Monday, September 15, 2008

the underbelly of buddhism

after throwing off my monk's robes and fleeing the zen retreat from hell, some insights wake me this morning.

the actual practices of chanting, bowing, sitting and walking in silent meditation are tried and true gateways to a clear, calm mind, a sense of well being and ease, and the cultivation of compassion and wisdom. in many other contexts i have experienced most of these forms to be extremely powerful. ultimately, when i discovered buddhist teachings and began to practice meditation and mindfulness five or so years ago, it changed my life inside out. i have deep respect and affinity for the dharma and the practices.

however, at this particular monastery in korea, the practices i know very well and love felt oppressive. the purity and richness sucked right out. i was to bow down to a particular man, even while chanting. i've experienced chanting as a beautiful door to becoming one with sound, experiencing interconnected being. however, the purity of this practice was tainted by having to do prostrations at the feet of a man who demonstrated not a hint of humility or wisdom.

as a woman, i was to enter buildings separately from men and follow behind them in walking meditation. while sitting in meditation the head monk periodically walked behind us with a stick and if we wanted to be hit, we were to signal him with a bow and then a loud "WHACK" echoed throughout the hall. violent and startling to say the least. for the first time, i personally experienced the patriarchal, misogynistic roots of buddhism. my place as a woman within that traditional form was crystal clear. and at this particular temple, a man who held horrifyingly simplistic, sexist values was to be my master, my guide, my teacher.

it is possible that this form of buddhist thought would attribute the domination and higher privileges of men over women as karmic. those humans who are born female in this lifetime deserve all the ways they are subjected to the power of men because of some negative karmic doing in the past. those who are born male, on the other hand, must have completed magnificent karmic deeds and accumulated great merit to be granted such holy status and power in a lifetime. humans who suffer from poverty, illness, or war are in that position simply because of their negative karma. i see how this way of thinking could enable a person to say, "don't think dualistically, things are the way that they are for a reason. transcend. pray to be born a male in your next life." that is an awfully convenient logic for those who are privileged and powerful. no responsibility taken. no measure of effort given to change the conditions that cause such great suffering in the world.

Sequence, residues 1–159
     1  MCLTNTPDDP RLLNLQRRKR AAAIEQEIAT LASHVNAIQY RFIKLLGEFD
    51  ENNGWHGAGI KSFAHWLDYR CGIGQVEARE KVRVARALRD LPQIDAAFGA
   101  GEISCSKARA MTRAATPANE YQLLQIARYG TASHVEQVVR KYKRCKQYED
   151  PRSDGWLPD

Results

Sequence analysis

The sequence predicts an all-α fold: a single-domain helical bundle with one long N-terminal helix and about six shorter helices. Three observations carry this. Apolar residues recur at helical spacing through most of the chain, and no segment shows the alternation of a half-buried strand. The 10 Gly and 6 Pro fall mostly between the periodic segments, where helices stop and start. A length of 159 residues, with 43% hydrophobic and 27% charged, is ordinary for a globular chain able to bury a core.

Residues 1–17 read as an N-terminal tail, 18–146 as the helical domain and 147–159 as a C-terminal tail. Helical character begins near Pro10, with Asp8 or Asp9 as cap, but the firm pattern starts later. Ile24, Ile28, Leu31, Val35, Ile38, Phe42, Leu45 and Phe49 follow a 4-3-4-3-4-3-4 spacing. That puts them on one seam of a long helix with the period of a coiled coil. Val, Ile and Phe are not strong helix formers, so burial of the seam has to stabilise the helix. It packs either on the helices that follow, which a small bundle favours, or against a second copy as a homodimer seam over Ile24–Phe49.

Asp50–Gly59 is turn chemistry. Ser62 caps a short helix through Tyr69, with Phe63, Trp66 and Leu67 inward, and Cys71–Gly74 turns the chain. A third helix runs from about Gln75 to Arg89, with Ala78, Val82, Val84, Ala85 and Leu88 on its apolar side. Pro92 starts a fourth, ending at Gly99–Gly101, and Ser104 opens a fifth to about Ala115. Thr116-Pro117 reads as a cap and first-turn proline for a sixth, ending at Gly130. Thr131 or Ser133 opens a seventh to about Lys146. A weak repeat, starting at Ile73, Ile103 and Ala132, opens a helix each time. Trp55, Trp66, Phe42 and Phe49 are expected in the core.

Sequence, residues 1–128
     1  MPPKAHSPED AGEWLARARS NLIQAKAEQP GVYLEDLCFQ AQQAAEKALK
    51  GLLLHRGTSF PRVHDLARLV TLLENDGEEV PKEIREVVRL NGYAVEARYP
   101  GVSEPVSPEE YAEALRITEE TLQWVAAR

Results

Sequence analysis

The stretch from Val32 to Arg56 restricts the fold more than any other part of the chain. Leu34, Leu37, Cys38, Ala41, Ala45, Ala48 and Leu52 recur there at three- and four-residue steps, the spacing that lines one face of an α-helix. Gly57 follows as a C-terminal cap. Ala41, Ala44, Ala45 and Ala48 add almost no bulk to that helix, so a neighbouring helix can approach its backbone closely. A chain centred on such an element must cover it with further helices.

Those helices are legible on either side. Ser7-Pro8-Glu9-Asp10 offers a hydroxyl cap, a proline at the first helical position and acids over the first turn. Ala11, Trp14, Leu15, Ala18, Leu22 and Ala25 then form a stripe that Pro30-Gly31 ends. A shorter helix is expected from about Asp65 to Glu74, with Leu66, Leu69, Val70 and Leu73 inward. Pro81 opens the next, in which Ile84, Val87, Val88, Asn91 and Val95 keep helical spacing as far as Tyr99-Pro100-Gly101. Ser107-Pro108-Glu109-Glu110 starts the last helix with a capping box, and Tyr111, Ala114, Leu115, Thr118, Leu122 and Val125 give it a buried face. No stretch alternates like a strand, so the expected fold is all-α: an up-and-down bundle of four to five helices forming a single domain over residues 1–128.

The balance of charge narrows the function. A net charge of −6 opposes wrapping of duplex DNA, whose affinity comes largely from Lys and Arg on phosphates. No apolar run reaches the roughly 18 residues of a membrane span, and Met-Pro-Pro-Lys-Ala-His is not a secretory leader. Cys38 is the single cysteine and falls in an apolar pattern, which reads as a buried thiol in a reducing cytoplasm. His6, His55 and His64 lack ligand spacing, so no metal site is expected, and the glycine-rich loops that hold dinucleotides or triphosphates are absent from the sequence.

7 comments:

greenfrog said...

jessa,

From your description, it sounds pretty remarkably awful. But it also sounds fascinating. I appreciate you going through it, so you could tell us about it.

One of the things I've noticed in my own practice is underscored by your account: meditation can be deepened by going through each detail of life, but it can also be deepened by setting them aside as a bundle. The former is painstaking and can be slow, the latter is faster, but allows all kinds of delusion, attachment and aversion to be set aside, rather than dissolved, in the quest for deeper meditation.